Version Reviewed: 1.0
Graphics / Sound [rating:4.5/5]
Game Controls [rating:4/5]
Re-use / Replay Value [rating:2/5]
With rumors swirling of a premium tier coming to the game section of the App Store (a rumor which didn't materialize during the OS 3.0 announcement), we all got excited when we heard that some version of Metal Gear was coming to the iPhone. Finally, we were getting a big name publisher that was delivering one of the biggest IP's around in the gaming world - the Metal Gear Solid (MGS) franchise. Metal Gear has been a staple on the PC and then Playstation consoles for many generations, the latest iteration of which - MGS4: Guns of the Patriots - debuted at the end of 2008 on the PS3. In the series you take on the persona of Solid Snake, a retired soldier who becomes embroiled in a plot that would take way too long to summarize for the purposes of this review. Let's just say it involves terrorists, nuclear weapons, and then devolves into something wholly more bizarre by the time we get to Guns of the Patriots. MGS is typically a stealth game rather than a typical third-person shoot-em-up, and the series has rabid fans across the globe.
For the Touch version, creator Hideo Kajima had the following to say about the iPhone title:
"This game really is nothing more than an entrance for us. I'd like people unfamiliar with MGS to play it, and maybe develop an interest in MGS4 in the process -- and if they foster a general interest in games from there, it'd make me all the happier."
Now, knowing that the iPhone is certainly not the PS3, everyone pretty much expected that we were not going to get the grandiose experience from the next-gen PS3 version, a game that is simply stunning with its visual prowess. In the iPhone game, we get a very pared down version of MGS4. We have no direct control of Snake - instead we're presented with some of the more important set-pieces of the PS3 game turned into a shooting gallery. Many have been calling the iPhone game "MGS: Duck Hunt," and they're not far off the mark.
The shooting galleries themselves are fairly compelling, if a bit short. When the levels begin, Snake is hiding behind a barricade of some sort, while enemies appear in the scenery to shoot, a la Shooter or iSniper. You can press and hold anywhere on the screen to bring up the aiming reticule, slide your finger until you hone in on the target, and then tap to shoot. If enemies are too far away, you can pinch the screen to zoom in with your sniper rifle and pick mercs off from a distance. The compelling piece is the built-in timer for each foe - when a target appears, a circular chevron appears around their head and quickly counts down until the moment they are going to fire back. In the initial levels, as you'd expect, it's rather easy to pick of the enemy one at a time. In the later stages, however, battles get extremely hectic as more and varied soldiers are thrown on the screen for you to handle, including some of the "boss" characters from the console game. When you let go of the screen, Snake ducks back behind his cover, and eventually your health meter will recharge. The only caveat to this, however, is that some enemies will hit and eventually destroy your cover, so it's a good idea to take them out as quickly as possible.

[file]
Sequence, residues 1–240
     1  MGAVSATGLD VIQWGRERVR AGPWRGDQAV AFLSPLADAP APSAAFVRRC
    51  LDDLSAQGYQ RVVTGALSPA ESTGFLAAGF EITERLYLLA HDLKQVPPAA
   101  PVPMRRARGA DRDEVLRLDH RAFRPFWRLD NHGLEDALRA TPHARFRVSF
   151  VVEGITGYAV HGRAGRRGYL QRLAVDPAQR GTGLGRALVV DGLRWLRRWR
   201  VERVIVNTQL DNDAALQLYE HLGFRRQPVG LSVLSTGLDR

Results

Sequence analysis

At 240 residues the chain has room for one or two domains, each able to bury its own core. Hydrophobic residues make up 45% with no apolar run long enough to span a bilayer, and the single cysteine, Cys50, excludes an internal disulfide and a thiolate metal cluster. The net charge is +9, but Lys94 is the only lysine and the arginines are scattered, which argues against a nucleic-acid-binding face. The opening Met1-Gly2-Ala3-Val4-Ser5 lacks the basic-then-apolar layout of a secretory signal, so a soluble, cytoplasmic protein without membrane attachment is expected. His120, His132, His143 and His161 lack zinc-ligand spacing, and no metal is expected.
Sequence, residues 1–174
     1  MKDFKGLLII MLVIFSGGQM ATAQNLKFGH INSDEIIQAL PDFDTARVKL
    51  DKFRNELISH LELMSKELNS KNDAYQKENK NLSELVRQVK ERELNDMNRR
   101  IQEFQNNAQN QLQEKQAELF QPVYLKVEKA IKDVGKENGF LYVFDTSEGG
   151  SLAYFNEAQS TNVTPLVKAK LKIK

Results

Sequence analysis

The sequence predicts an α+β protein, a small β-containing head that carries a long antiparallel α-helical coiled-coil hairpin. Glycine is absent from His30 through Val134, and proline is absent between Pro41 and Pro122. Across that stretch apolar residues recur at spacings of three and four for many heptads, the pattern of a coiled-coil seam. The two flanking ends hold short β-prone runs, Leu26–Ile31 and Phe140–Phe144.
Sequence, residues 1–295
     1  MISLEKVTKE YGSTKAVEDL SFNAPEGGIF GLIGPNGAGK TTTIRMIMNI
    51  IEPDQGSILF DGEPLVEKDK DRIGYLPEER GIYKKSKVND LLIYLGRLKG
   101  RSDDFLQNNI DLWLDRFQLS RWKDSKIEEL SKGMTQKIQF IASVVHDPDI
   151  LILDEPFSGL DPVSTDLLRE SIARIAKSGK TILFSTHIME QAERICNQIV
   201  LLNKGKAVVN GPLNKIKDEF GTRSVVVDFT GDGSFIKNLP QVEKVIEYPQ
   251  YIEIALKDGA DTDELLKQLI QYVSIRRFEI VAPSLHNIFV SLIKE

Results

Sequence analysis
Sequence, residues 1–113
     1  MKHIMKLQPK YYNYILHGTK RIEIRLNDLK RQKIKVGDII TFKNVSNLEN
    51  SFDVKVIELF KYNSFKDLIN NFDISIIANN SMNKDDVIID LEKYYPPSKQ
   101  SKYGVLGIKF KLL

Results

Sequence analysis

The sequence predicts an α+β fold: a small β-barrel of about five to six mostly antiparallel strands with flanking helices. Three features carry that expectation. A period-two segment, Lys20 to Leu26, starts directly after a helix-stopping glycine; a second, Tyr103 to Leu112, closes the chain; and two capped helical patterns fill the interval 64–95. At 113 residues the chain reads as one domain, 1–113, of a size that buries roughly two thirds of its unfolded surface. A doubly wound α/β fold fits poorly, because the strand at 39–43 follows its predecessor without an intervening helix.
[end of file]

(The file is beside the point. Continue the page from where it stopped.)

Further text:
As far as the gun play goes, Konami has done a superb job of making your shots feel weighted. The sound effects combined with camera shake make the task of what is essentially a shooting gallery feel very satisfying. In fact, of the game that is present, the overall presentation is pretty good, the winner here being the sound design. The soundtrack from the PS3 version can be heard throughout, as well as the sound FX for weapons and the many enemies you run across.
That said, the swelling musical score highlights what is missing from this game - cut scenes! For a series that is known for its story and cinematic splendor (some would say too much splendor), Konami sure has shorted us by not including a single cut-scene from the original! Now I'm not saying we needed one for every level, but the iPhone obviously can play movies - why not tease us with some of the incredible cut scenes from the PS3 version at the beginning of each act? That surely would have gone much further in getting people interested in the console version than what we have here, which ends up forcing us to read abbreviated plot-points to try and puzzle out what the hell is going on from level to level. This is a huge missed opportunity, in my opinion, to draw newbies to the Metal Gear universe into the world. It sure could have gone a long way toward covering up the short-lived levels that presented the atmosphere of this world via decent yet uninspired visuals.
Take a peak at this gameplay video to see for yourself:
As of now, I can't really recommend this game unless you're a hard core Metal Gear fan and just want some Solid Snake on your device, but even then, at $7.99 it's hard to even justify that reason. Konami has promised updates and more levels in the near future, so I'll revisit my review at that time and see if the game is worth purchasing. For now, I'd say take a pass.